The Democrats’ socialist spending package includes trillions of dollars in tax hikes and new spending on superfluous government projects such as subsidies for electric bicycles and planting trees.
The bill also would expand the size and scope of the Small Business Administration (SBA). Specifically, section 100502 of the package appropriates about $2 billion to establish and run a new lending program that would provide direct loans to small businesses. New direct financing under this program runs the risk of reducing available capital from private lenders because the federal government will crowd out private competition. Increasing reliance on federal loans will also likely be met with future tax hikes on middle class Americans to fund the program. This will lead to a circular phenomenon where advocates of big government push for additional tax hikes to fund more federal spending.
Under the new program, the loan amounts can go up to as much as $150,000, or even $1 million if the borrower is small government contractor or small manufacturer. The bill also only gives the SBA three months to publish “interim final rules” that would set the underwriting criteria for the program.
It is hard to imagine how a federal bureaucracy that had a hard time processing the Paycheck Protection Program (PPP), is going to have a much easier time creating, establishing, and operating a whole new direct lending program.
Make no mistake, small businesses are the backbone of the American economy. According to the SBA, there are 32.5 million small businesses in the United States employing over 46 percent of the private workforce. Additionally, small businesses “have accounted for 62% of net new job creation since 1995.”
However, loans from the federal government have flaws. According to a report by the SBA’s Inspector General (IG), as of June 2020, the SBA approved “more than $250 million in COVID-19 economic injury loans and advance grants to potentially ineligible businesses.” The SBA also approved nearly 300 duplicate economic injury loans amounting to more than $45 million in duplicate loans. The IG’s serious concerns with fraud control protections at the SBA are warranted. The establishment of a new direct loan program is bound to be filled with fraudulent transactions and waste millions of taxpayer dollars.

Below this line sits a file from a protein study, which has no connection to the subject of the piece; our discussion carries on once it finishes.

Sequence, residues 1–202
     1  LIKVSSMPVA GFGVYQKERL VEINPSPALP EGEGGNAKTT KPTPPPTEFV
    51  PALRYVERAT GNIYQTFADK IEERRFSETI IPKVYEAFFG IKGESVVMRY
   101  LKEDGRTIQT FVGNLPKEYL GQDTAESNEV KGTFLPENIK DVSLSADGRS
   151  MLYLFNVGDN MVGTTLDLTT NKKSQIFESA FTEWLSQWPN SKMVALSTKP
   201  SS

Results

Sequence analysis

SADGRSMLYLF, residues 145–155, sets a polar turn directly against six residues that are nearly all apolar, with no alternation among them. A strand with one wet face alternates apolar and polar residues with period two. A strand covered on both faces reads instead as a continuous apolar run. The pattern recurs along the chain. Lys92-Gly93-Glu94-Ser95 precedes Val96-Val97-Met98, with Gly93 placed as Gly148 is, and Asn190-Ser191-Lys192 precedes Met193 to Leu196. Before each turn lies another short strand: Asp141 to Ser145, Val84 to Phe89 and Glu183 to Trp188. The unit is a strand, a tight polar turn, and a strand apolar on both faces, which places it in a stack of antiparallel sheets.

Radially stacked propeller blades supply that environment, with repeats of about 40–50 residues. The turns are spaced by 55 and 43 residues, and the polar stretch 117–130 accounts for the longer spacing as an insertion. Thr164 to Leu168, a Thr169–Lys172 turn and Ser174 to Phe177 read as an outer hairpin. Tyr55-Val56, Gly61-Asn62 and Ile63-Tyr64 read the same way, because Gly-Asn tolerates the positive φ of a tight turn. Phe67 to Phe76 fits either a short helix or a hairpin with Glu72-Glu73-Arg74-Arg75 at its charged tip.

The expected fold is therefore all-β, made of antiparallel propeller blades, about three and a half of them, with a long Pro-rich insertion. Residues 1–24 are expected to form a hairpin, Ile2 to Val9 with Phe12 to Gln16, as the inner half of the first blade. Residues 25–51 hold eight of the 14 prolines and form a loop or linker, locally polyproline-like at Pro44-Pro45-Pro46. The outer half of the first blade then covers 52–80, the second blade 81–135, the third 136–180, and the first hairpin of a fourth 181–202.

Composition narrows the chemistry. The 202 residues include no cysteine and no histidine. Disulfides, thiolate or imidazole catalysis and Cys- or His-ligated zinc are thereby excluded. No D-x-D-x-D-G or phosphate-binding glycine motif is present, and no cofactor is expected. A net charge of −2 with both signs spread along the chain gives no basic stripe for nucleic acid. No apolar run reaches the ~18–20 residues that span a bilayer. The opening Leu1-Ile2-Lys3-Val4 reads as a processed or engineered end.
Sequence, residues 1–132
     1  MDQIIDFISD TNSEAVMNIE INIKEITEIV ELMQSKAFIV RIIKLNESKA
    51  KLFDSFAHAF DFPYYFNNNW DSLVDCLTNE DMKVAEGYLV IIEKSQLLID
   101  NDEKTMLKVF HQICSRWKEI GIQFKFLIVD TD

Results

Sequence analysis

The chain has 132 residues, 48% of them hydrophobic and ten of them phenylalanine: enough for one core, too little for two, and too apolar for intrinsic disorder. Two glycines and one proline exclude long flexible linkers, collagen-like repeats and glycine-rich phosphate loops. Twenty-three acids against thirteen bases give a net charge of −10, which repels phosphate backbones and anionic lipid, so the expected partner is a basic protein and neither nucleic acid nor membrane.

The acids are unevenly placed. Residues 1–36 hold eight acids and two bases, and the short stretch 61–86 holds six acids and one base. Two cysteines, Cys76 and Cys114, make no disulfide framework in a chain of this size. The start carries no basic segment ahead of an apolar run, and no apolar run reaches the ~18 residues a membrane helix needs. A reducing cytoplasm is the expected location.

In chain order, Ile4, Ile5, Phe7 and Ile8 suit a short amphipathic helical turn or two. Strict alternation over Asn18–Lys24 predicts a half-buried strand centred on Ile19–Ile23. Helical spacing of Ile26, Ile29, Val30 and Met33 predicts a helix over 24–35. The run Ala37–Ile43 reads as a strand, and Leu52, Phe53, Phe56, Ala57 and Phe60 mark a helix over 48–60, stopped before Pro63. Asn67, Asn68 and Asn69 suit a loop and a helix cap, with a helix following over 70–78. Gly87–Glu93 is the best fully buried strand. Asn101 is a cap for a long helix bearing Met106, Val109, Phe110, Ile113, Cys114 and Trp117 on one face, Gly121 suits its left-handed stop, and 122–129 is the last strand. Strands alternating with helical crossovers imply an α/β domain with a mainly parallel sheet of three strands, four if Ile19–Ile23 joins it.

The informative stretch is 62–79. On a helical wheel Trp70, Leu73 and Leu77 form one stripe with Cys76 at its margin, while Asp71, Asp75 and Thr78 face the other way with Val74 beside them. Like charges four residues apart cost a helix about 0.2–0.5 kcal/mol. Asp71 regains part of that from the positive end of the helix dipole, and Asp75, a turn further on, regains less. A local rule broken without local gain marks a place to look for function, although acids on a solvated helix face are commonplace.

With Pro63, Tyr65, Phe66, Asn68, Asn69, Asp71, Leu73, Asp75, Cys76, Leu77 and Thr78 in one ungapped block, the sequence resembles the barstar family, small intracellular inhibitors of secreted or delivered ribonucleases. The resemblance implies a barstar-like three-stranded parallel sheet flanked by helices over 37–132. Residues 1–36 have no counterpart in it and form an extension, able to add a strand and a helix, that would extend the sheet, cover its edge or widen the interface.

Moreover, certain SBA loans have experienced significant rates of default. According to one study, from 2006-2015 the 10-year default rate was 65.6 percent for mortgage and nonmortgage loan brokers, 46.2 percent for residential property managers, and 42.8 percent for multifamily housing construction.
Clearly the SBA already has issues with its current loan programs. Taxpayer dollars could be put to better use reforming the existing programs.
While banks, credit unions, and online lenders all finance small businesses, banks continue to be the most prolific source of credit. According to a small business credit survey conducted by all twelve Federal Reserve Banks, in 2020, 42 percent of small businesses that applied for “a loan, line of credit, or cash advance” sought financing from a large bank; 43 percent sought financing from small banks; and 20 percent approached online lenders about financing opportunities. Additionally, according to the National Credit Union Administration (NCUA), since 2019 the number of commercial loans financed by credit unions increased by 12 percent and the dollar amount of commercial financed last year was “up by 22%.”
Private financing from bank and nonbank lenders is providing the necessary credit to small businesses. A new direct lending program from the SBA could increase the government’s foothold in loans and crowd out private lenders.
Instead of appropriating billions of dollars in new funding for a redundant lending program, Congress should reform the SBA’s current 7(a) program to ensure that it runs efficiently. Unnecessary spending is fiscally irresponsible and will only further contribute to the inflation crisis the United States is already facing.